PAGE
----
You’ve got a solid training plan and maybe even a coach. The summer heat and humidity are no match for your all-season motivation, and somehow you’re finding time to get enough rest and recovery time. Good for you! (And do you mind sharing your secret?)
Even if you’re that “together,” there’s one place most all of us can find room for improvement: the kitchen. As your runs get longer, or you’re putting more of them on the calendar each week, getting enough to eat – and the right stuff – helps your hard work pay off.
So what can runners add to our grocery lists to get the most from our training and racing? We checked in with Ashley Muschiatti, Performance Specialist and Dietitian with Joe Gibbs Racing and Novant Health Sports Performance. She recommends runners try these staples for pre- and post-run success.
Fruit Gels: While these may seem like a treat that’s just for your kids, fruit snacks and sport gels or chews are a great carbohydrate-based snack that contain readily-accessible sugars to provide your body with glucose for your long runs. These quick, easy-to-carry and easy-to-eat snacks are great for quick energy during a run. They’re pretty tasty, too.
Dark Leafy Greens, Red Meat, and/or Iron Fortified Cereals: Iron deficiency is one of the highest-occurring deficiencies in runners due to many reasons including loss of iron in sweat, increased iron needs of athletes, altitude training, and blood loss through exercise’s effects on the digestive tract. Due to those reasons, and more, iron-rich foods should be a staple in the runner’s diet. Red meats and animal proteins like egg, poultry, beef, and fish are high in heme iron, which is the most bioavailable. If you are vegetarian or vegan, plant sources like spinach, kidney beans, and iron-fortified cereals are also great sources of iron. These are non-heme iron sources, so add a source of vitamin C to boost non-heme iron absorption.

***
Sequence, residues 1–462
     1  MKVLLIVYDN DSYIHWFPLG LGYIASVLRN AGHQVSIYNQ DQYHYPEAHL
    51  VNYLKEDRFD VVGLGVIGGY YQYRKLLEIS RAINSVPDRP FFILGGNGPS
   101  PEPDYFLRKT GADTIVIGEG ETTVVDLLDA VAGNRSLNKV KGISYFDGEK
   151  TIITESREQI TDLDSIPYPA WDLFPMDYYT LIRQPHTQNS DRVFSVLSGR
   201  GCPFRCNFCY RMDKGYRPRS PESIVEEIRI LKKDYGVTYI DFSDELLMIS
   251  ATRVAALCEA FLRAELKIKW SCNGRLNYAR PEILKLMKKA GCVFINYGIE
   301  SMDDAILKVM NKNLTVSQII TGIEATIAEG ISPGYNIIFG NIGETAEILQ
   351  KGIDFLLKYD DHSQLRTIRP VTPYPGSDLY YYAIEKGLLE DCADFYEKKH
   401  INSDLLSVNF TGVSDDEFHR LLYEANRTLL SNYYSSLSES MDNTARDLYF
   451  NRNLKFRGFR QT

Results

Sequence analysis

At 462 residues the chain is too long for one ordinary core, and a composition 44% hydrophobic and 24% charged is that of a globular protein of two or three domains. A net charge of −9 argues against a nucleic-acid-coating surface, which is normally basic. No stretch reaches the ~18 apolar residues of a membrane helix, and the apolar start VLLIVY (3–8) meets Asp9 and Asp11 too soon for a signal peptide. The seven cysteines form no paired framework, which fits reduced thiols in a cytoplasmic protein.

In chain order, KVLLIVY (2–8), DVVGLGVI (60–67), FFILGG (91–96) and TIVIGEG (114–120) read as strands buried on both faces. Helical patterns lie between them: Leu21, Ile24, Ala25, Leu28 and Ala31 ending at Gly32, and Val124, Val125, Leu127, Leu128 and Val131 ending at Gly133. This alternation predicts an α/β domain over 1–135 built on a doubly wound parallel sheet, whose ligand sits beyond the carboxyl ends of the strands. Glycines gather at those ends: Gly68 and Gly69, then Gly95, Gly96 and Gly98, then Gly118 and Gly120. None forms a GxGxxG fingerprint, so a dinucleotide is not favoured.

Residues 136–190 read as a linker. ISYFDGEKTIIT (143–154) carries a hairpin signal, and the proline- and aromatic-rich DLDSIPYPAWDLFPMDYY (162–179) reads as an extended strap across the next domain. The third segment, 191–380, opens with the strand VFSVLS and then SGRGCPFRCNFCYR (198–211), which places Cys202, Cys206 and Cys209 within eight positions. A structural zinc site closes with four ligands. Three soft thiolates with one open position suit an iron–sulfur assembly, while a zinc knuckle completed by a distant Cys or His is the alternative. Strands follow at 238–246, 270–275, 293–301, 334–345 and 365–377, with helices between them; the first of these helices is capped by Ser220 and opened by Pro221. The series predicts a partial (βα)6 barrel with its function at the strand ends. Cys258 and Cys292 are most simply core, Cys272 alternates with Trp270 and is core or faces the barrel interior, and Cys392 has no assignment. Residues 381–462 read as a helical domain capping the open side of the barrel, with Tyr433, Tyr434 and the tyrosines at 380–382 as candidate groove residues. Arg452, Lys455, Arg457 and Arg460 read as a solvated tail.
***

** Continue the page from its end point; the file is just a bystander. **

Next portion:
High Water Content Fruit: The longer the run, the warmer the weather, need for hydration increases. While hydration is important year-round, during the summer you’ll sweat even more. Along with making sure you get plenty of water, you can also lean on fruits with high water content for additional hydration. Peaches, berries, watermelon, and cantaloupe, are all easy to find during the summer months and can help keep fluid intake high.
Pickles or Pickle Juice: We know that we lose electrolytes in sweat, and we hear all the time about the importance of replenishing sodium. One of the most common ways to do so is through sports drinks with electrolytes and carbohydrates. If all that sugar isn’t your game, consider this: a pickle spear surprisingly has the same or slightly more sodium than a single serving of most sports drinks. Try 1-2 pickles or a shot of pickle juice as a great electrolyte replacement food that also contains other electrolytes to help prevent cramping.
Bananas: Bananas are high in potassium. Along with sodium, potassium plays a big role in muscle contraction and fluid movement in and out of the body’s cells. Potassium usually is intracellular, while sodium is extracellular, but post-exercise (especially running) more potassium is outside of the cell wall wanting to get back in. That’s the science behind the fluid (water) and bananas you find post-race. Consuming both helps return electrolyte balance and get potassium back into the cell to prevent cramping. Nectarines, baked potatoes, and yogurt are also high potassium food sources.